In Conversation with… Brian Parkes
After a decade at the helm of Sydney’s Object Gallery, for the past seven years Brian has been pumping up the Jam as the Chief Executive of Jam Factory, Adelaide. Stephen Todd investigates.
Welcome to the first in a series of weekly conversations between Stephen Todd and Design Hunters from around the country. Join us as we learn what makes them tick, how they got to where they are, and where they’re going.
Director, Jam Factory creative hub, Adelaide
The Jam Factory was an initiative of the Don Dunstan government, back in the heady Labour years of the early 1970s. How true is the Jam today to Dunstan’s original vision?
From the reports I’ve read, the kind of vision Dunstan had was actually quite a lot broader than what the history of the organization is focused on. He was certainly interested in providing a mechanism to support craft practice – a place to make, exhibit and make craft available commercially. But he was also interested in the way the Scandinavians brought together their craft history with industry and the primary resources those countries had. Key case studies were companies like Iittala, Artek, Kosta Boda. He thought that the value add that craft-based design and manufacture could provide to primary resources like copper and wool which were really strong in South Australia, might be worth exploring. Also that it would have impact both culturally and economically. Discovering that early Don Dunstan drive played nicely to what I see as current opportunities, given the shifting nature of manufacturing in South Australia specifically but in Australia generally and the increased interest in Australian design from the architecture and design community and, importantly, from their clients.
Over the past month or so, I’ve heard a lot of people in the industry talking about the importance of developing a culture of private commissions in Australia. That this is a sector which could really drive a viable design industry. What are your thoughts on this?
At the Jam we actively encourage young designers to consider the private commission as a viable component of their practice. But it’s not just about teaching them how to run a business, it’s also about teaching clients how to become more confident with commissioning. The more people do it, the more it is seen, the more other people will gain confidence not just in the process, but in their own ability to commission. They need to understand that it may not in fact be more expensive than an off-the-shelf piece – but also that if it is, there is added value to that as well.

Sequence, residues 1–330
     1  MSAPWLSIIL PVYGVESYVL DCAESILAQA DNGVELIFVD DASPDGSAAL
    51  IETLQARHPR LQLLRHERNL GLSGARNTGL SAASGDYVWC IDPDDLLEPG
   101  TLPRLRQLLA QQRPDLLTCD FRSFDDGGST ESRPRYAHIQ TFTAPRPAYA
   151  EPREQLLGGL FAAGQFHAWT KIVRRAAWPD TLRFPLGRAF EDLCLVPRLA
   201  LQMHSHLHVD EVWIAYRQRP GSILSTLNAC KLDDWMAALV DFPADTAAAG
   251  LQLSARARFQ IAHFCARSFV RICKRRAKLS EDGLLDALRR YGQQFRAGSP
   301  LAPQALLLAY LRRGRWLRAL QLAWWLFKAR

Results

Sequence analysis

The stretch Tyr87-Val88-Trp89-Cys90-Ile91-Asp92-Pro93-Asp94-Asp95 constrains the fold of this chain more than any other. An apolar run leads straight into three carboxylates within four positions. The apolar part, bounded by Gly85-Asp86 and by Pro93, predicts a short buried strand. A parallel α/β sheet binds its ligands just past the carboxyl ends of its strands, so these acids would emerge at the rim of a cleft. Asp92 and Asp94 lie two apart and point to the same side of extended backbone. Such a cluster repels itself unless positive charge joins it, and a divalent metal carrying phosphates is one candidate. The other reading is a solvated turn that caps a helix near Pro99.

Commissioning product has become something of a driver in the hospitality sector, a novel means of differentiating an establishment from its competitors. Increasingly, what we find is than in fact clients – and not just architects and interior designers, but end consumers – are very keen to have the emotional become a part of the narrative that they are purchasing. Rather than just buying off-the-shelf furniture or tableware, there’s an added value to being able to tell the story about this person who is based in Adelaide who has made this thing. Increasingly, people want to know more. It parallels the food industry, where it’s no longer about beef, it’s about beef that’s been fed a certain kind of thing and raised in a certain valley. That same kind of informed participation in the provenance of a product is starting to gain traction in interior design.
Would it be strategic for Australian designers to specialize in small batch production of very beautifully crafted quality products rather than trying to compete with cheap mass-produced imports from China?
We try to instill in the people we train, this idea that designers need to be competing on value, not on price. The market is flooded with products of reasonable quality at accessible prices, driven by high volume turnover. And there’s also a lot of crap out there. Either way, the cost of entering market places with that kind of production is incredibly high before one can profit from any sort of economy of scale. But if you’re competing on value, that’s something else. The work of Khai Liew for Judith Neilson’s home Indigo Slam is a great example: the highest quality luxury brand could be engaged on a project like that, purchasing across all the sectors in which it is active and create an extraordinary showcase for its expertise. But the greater value is in the story of artistic vision and the commitment to artisanal quality that comes only from bespoke.
That’s not to say that there shouldn’t be ambition for Australian designers to manufacture at large scale, and there are increasingly good examples of that happening. But the backbone of genuine success has been among small to medium run batch production with local manufacturers or working to the designer-maker model.
Interview by Stephen Todd